.---------7 51 8 50 20 51 24 50 We can see that space is allocated in a uniform way between the different disks (and fail groups).24 13678 . The following query investigates how the extents are allocated across the four available disks in the test disk group used for this example. . LXN_KFFXP. One of the goals of ASM is providing uniform allocation of datafiles across the available spindles. DISK_KFFXP COUNT(*) ---------. This is a key feature of ASM and has the scope of maximizing performance (throughput. count(*) from x$kffxp where GROUP_KFFXP=1 and NUMBER_KFFXP=271 and XNUM_KFFXP!=2147483648 group by 4 . lower latency times and increase HA. 2-way mirroring. count(*) from x$kffxp where GROUP_KFFXP=1 and NUMBER_KFFXP=271 and XNUM_KFFXP!=2147483648 group by DISK_KFFXP . The actual datafile size is 101MB (the extra megabyte is allocated by Oracle for tablespace internal structures independently of the use of ASM). 198 99 199 99 200 100 201 100 0 2147483648 1 2147483648 2 2147483648 0 1 0 1 0 1 2 We can see that 205 allocation units of 1MB each are listed for the tablespace created with a datafile of 100MB nominal size. . sys@+ASM1> select DISK_KFFXP. Note: Oracle needs only has to read the primary extent of a mirrored pair of ASM-allocated extents for read operations (while both extents need to be accessed for a write operation). With the following query we can see that the primary and mirror extents (identified by the value of LXN_KFFXP) are mixed uniformly for each disk. select DISK_KFFXP. this accounts for 101x2=202 allocation units. These are most likely file headers and/or metadata (this conclusion has still to be further investigated). . The remaining 3 allocation units are listed in the last 3 rows in the x$kffxp table and are identifiable by aving XNUM_KFFXP=2147483648. Therefore a uniform primary/mirror extent allocation provides for better performance of read operations. . 5 2 1 8 14490 24 13750 20 13791 7 14493 7 14384 24 13714 65534 4294967294 205 rows selected. i.e.. IOPS). The disk group used for this test has ‘normal redundancy’.

LXN_KFFXP order by DISK_KFFXP. DISK_KFFXP LXN_KFFXP COUNT(*) ---------. DISK_NUMBER ----------2 3 20 24 0 1 7 8 FAILGROUP N#_AU ---------. after the online redefinition of the disk group.---------FG1 25 FG1 25 FG1 26 FG1 25 FG2 25 FG2 26 FG2 25 FG2 25 We can see that the datafile.---------7 0 25 7 1 26 8 0 25 8 1 25 20 0 26 20 1 25 24 0 25 24 1 25 EXAMPLE 3 – DISKGROUP REBALANCING This example illustrates the outcome of an ‘online’ disk group enlargement operation: four additional disks have been added to the disk group used in the example 2 above (disks 2.failgroup. 0. a. The outcome. as expected.GROUP_KFFXP=a. shown below. a.DISK_KFFXP.group_number where GROUP_KFFXP=1 and NUMBER_KFFXP=271 and XNUM_KFFXP!=2147483648 group by a.'ORCL:ITSTOR08_3_EXT' failgroup fg2 disk 'ORCL:ITSTOR11_3_EXT'.disk_number.disk_number order by a. 1 will be added) and the disk group has then be rebalanced (see SQL below).disk_kffxp=a.---------. count(*) N#_AU from x$kffxp x join v$asm_disk a on x. 5 .failgroup. is spread uniformly across the disks and correctly mirrored across the two fail groups. alter diskgroup test1_datadg1 add failgroup fg1 disk 'ORCL:ITSTOR08_1_EXT'. select a. a. LXN_KFFXP. After this operation the ASM space allocation map for the test datafile has been queried again.'ORCL:ITSTOR11_4_EXT'. alter diskgroup test1_datadg1 rebalance power 4. 3.disk_number. is that the file is again uniformly spread over all the disks available in the disk group. as expected.failgroup.disk_number and x.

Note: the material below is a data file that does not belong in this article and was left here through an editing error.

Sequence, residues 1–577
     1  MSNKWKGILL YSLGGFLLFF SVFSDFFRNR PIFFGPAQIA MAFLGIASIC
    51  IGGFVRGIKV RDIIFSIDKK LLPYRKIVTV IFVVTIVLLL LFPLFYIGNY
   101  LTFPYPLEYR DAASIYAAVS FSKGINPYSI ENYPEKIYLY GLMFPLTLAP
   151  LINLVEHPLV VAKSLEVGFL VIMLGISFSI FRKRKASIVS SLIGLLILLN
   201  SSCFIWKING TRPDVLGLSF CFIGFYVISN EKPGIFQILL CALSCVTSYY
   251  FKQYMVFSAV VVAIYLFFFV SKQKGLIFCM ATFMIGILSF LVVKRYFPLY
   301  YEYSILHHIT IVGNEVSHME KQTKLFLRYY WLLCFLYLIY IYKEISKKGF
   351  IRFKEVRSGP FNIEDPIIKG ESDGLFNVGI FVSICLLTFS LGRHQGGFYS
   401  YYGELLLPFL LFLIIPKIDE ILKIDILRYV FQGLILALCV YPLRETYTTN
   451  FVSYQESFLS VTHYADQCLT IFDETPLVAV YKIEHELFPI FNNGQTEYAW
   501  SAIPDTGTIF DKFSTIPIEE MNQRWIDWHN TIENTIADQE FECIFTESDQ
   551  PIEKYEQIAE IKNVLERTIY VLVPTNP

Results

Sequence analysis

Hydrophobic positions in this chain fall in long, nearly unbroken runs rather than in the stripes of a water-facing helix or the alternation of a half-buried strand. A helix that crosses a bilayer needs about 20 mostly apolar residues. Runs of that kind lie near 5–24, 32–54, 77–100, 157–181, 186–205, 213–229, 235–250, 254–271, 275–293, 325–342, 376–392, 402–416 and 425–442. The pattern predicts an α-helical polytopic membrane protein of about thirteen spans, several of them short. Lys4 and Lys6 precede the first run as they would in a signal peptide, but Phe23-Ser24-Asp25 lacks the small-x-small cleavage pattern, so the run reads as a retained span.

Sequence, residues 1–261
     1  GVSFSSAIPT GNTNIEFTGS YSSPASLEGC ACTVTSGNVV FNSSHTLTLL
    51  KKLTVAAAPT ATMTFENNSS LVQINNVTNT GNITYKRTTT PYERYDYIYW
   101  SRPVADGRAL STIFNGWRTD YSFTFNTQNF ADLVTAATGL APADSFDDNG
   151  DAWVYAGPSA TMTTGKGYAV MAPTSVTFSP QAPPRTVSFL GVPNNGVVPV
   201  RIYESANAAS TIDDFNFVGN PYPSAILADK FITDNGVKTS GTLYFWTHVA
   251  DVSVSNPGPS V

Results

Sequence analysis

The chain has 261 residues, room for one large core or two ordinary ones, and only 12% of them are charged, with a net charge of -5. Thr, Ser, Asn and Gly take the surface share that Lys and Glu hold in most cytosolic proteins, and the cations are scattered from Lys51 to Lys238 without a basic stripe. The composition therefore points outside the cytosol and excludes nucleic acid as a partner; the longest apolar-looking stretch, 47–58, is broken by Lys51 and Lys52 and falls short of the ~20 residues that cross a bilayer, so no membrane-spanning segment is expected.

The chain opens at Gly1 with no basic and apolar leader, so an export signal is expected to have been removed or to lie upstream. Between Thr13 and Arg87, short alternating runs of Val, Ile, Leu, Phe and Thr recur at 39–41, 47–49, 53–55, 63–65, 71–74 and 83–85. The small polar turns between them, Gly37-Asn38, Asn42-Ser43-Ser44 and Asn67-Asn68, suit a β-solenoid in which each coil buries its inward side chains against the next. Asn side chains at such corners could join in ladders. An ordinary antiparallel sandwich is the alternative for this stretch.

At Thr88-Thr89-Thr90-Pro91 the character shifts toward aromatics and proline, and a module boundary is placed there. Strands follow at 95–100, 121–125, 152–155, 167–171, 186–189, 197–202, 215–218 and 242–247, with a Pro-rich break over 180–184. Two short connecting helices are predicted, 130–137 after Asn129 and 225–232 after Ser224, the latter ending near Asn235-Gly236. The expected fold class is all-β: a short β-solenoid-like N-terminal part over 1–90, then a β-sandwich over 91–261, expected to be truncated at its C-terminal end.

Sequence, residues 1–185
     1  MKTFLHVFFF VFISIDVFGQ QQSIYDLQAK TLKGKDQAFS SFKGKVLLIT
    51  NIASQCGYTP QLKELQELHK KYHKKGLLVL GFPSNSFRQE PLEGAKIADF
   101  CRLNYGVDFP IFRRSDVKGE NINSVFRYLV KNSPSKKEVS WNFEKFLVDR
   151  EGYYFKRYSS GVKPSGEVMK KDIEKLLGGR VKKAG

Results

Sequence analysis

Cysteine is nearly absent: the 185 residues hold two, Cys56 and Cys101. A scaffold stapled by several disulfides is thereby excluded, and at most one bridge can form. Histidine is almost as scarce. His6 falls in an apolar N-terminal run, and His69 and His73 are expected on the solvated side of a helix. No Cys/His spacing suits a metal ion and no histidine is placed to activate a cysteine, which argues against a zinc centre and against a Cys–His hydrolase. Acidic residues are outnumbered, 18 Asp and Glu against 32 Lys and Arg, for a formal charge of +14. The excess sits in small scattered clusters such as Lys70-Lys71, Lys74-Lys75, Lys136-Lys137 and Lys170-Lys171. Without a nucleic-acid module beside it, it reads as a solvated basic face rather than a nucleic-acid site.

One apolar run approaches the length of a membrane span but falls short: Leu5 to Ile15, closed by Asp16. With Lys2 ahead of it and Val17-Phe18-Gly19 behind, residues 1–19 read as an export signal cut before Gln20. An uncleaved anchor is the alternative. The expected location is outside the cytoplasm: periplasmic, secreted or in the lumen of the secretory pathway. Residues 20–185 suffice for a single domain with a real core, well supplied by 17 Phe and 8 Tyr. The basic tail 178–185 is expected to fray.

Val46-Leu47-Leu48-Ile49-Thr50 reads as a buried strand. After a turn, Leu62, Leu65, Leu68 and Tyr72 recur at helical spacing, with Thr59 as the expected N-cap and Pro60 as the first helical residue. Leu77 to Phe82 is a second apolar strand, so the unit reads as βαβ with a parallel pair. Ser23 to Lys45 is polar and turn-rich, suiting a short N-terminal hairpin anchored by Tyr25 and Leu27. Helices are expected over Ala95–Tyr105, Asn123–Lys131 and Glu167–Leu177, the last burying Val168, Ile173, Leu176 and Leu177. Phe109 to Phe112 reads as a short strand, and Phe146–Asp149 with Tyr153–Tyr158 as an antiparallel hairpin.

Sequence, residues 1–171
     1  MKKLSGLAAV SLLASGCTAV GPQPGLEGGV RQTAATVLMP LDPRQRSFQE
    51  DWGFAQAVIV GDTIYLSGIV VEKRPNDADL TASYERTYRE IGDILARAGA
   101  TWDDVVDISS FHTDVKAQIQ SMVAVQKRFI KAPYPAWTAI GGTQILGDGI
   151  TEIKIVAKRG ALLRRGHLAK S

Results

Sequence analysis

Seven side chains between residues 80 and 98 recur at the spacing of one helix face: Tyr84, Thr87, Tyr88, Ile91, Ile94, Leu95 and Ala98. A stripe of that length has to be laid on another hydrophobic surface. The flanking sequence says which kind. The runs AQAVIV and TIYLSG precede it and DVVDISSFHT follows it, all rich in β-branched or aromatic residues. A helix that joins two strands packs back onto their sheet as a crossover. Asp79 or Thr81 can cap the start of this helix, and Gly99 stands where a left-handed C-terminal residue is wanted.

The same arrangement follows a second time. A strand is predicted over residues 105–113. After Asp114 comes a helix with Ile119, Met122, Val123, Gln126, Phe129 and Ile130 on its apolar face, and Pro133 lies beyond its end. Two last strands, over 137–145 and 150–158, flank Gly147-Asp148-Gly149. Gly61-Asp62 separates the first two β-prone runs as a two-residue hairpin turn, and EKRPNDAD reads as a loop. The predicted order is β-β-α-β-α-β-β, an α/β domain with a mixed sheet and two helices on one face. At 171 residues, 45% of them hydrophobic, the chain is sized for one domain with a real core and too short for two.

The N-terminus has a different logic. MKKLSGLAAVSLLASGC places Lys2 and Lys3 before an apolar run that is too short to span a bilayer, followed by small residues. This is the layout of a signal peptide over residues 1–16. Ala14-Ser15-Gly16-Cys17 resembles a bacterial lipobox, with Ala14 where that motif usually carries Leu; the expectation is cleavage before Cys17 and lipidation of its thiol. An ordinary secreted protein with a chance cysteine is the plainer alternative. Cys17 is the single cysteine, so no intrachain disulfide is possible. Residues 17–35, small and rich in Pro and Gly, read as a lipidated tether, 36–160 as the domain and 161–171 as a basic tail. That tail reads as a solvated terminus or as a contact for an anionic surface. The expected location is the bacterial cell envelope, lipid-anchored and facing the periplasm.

2 (see rows where XNUM_KFFXP=2147483648). ASM rebalancing algorithm apparently does not utilize workload metrics (from v$asm_disk_stat) to spread datafiles (such as spread apart hot parts of the datafiles) but seems to use a simpler ‘round robin’ algorithm. OOW 2005. but their purposes have not yet been documented. that mirroring is taken care by ASM and it is done at the extent level (as opposed to volume-level mirroring found in many other volume managers).com/technology/deploy/availability/pdf/oow2000_same. it was found that datafiles are automatically spread over the available disks in a disk group. https://twiki. OTN 2005.pdf 5.cern. A few additional X$KF* tables have been identified (see above). N.pdf 4. J Loaiza and S Lee.pdf 3. S.com/pls/wocprod/docs/page/ocom/technology/products/database/asm/pdf/take %20the%20guesswork%20out%20of%20db%20tuning%2001-06. Configuration details and performance metrics of the configured ASM disks and disk groups are exposed via V$ASM_* views. OTN 1999.oracle. 2005. posting to oracle-l mailing list 6 .com/technology/products/database/asm/pdf/asm_10gr2_bptwp_sept05. take the guesswork out of db tuning. http://www.SUMMARY Oracle ASM is a powerful and easy to use volume manager and filesystem for Oracle 10g and 10g RAC. REFERENCES 1. such as: the role of the ‘extra 3 allocation unit’ allocated for each datafile. Rebalancing operations have been demonstrated to (re)distribute datafile extents uniformly over the available disks. Bug N. http://www. Rognes. Metalink. http://www. 2004. that were documented in example N. As expected.ch/twiki/pub/PSSGroup/HAandPerf/Architecture_description_Feb05.com/technology/deploy/availability/pdf/1262_Loaiza_WP. scalable Oracle 10g architecture. This paper details how queries on the X$KFFXP internal table can be used to work around this limitation. Oracle 10g administrator’s guide. 4306135 7. However.oracle. the space allocation mapping (ASM file extents to disk allocation unit mapping) is not fully documented. http://www. and that ‘online’ disk additions to a disk group allow to spread datafiles uniformly over a large number of spindles in a ‘transparent’ way and can be used to improve performance and possibly reduce the impact of ‘hot spots’. Shakian. Optimal storage configuration made easy. L. Vengurlekar.oracle. “Using Automatic Storage Management” 6. A set of working examples has been discussed to demonstrate the findings and to directly explore some inner workings of ASM. A few open points remain to be investigated. J Loaiza.oracle.pdf 2.pdf 8. A. Canali.